Conversely, use of the SWIFT electronic network by Swedish banks provides a secure, efficient, and cost-effective domestic and international fund-transfer service. Payments are dependent on the buyer’s good faith. Sellers are advised to ensure that their bank account details are correct if they wish to receive timely payment.

Direct debits represent about 10% of non-cash payments in Sweden and are quickly growing in popularity. There are two types of direct debit in Sweden: Autogiro Foretag (AGF) for B2B transactions and Autogiro Privat (AGP) for B2C payments. They can both be used for single or recurring payments.


Debt collection

Amicable phase

Amicable settlement aims to recover the debt without transferring the case into a trial procedure. The debtor is informed (either orally or via writing, with written correspondence being preferred) about the debt, the payment deadline, and the consequences of not paying the debt. If debtor agrees to pay the debt, both parties may settle on instalment payments through an official document that sets out the contractual terms of the agreement.

When there is no specific interest clause in the contract, the rate of interest applicable since 2002 is the six-monthly benchmark rate (referensräntan) of the Central Bank of Sweden (Sveriges Riksbank), plus eight percentage points.

Under the Swedish Interest Act (räntelag, 1975, last amended in 2013), interest on damages is awarded from the 30th day following the day on which the creditor addressed a written claim for damages to the defendant, if the plaintiff so requests. In any event, interest may be awarded from the date of service of the summons application.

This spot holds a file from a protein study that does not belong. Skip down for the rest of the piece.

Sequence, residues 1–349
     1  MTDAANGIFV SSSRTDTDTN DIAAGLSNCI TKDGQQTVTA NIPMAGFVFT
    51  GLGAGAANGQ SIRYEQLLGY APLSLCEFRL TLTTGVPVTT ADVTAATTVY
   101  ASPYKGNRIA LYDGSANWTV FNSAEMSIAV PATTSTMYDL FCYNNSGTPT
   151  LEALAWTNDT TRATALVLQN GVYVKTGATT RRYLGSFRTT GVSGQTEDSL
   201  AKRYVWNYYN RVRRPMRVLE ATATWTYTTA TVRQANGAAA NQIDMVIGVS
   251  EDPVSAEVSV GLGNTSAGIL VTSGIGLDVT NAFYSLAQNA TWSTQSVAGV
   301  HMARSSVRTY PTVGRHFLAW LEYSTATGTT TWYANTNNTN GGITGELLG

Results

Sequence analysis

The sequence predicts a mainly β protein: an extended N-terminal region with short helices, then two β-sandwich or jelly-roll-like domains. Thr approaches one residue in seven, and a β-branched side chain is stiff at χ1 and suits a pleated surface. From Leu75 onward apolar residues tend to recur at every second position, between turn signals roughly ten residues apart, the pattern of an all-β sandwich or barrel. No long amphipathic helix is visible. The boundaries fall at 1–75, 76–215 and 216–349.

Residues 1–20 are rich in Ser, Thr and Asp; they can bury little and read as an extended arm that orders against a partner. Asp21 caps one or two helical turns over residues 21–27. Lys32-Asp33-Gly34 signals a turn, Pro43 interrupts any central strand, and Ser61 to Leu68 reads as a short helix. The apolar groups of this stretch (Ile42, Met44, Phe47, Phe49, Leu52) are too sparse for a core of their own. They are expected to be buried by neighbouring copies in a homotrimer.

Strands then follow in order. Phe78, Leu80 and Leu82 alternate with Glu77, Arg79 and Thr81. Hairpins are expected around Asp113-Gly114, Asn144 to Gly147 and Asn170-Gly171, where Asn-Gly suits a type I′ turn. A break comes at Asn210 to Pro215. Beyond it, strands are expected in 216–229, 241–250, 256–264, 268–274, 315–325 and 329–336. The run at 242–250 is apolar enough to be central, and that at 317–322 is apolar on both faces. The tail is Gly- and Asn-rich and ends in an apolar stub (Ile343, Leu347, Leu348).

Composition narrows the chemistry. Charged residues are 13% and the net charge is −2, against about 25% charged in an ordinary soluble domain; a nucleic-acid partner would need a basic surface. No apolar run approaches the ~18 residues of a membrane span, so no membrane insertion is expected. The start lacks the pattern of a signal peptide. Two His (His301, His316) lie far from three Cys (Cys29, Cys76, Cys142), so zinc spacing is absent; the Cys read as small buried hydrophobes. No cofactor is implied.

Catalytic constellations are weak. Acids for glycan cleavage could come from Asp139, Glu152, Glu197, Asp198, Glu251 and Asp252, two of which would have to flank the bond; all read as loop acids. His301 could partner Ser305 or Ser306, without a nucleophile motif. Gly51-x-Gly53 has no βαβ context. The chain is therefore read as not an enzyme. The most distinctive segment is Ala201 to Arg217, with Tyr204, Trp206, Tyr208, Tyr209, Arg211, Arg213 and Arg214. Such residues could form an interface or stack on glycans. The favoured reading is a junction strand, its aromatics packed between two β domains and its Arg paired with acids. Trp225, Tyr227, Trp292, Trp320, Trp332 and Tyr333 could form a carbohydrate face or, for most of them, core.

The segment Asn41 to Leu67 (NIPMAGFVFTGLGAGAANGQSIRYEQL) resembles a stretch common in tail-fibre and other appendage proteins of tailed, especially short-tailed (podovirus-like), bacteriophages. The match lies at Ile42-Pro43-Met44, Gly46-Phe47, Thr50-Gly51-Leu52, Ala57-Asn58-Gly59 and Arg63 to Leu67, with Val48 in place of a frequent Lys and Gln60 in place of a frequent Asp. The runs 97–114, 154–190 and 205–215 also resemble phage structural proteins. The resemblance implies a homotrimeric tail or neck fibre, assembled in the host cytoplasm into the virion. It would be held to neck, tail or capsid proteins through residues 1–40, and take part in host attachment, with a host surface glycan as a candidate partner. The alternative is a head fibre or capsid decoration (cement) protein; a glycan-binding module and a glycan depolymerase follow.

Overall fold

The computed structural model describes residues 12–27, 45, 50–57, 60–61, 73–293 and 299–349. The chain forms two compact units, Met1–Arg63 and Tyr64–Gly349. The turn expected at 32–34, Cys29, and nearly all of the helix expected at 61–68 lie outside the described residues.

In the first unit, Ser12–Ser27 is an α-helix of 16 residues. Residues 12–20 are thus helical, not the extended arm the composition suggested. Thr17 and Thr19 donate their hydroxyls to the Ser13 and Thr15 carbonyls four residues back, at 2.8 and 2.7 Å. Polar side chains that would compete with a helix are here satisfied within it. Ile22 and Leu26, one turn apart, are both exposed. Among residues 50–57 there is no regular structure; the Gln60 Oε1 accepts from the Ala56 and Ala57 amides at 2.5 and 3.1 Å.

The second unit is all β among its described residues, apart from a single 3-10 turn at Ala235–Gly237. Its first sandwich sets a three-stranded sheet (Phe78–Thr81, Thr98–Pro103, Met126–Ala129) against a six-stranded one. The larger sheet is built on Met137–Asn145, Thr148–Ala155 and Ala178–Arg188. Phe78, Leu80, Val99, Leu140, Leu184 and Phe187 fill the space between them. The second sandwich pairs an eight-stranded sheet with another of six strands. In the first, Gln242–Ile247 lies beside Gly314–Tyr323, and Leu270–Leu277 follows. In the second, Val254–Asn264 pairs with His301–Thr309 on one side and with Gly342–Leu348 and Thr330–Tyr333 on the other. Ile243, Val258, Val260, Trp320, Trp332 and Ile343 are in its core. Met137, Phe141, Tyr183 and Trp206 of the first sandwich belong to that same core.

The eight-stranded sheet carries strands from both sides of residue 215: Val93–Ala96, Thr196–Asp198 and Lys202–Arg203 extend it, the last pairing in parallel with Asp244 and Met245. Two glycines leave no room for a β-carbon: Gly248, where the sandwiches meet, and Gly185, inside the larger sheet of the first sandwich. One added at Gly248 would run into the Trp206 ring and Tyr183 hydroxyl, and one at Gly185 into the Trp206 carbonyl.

Legal proceedings
Fast-track proceedings

Where claims meet some basic requirements (e.g. payment is overdue, mediation was attempted), creditors can obtain an injunction to pay (Betalningsföreläggande) via summary proceedings through the Enforcement Service. The application has to be made in writing and clearly express the grounds of the claim. No further proof needs to be submitted.

This Enforcement Authority (Kronofog–demyndigheten) orders the debtor to respond within a period of ten days to two weeks. If the debtor fails to reply in time or acknowledge the debt, a verdict will be rendered on the merits of the original application.

While formal, this system offers a relatively straightforward and quick remedy in respect of undisputed claims, which has greatly freed up the courts. Creditors are not required to hire a lawyer but, in some circumstances, would be well advised to do so. On average, the process takes two months from application to decision. The decision is immediately enforceable.


Court proceedings

If the debtor contests the debt, the creditor has the decision of either turning to the District Court (the first instance, Tingsrätten) or to terminate the process.

Proceedings involve a preliminary hearing in which the judge attempts to help the parties reach a settlement after examining their case documents, evidence and arguments. It is up to the parties themselves to decide what evidence they wish to submit.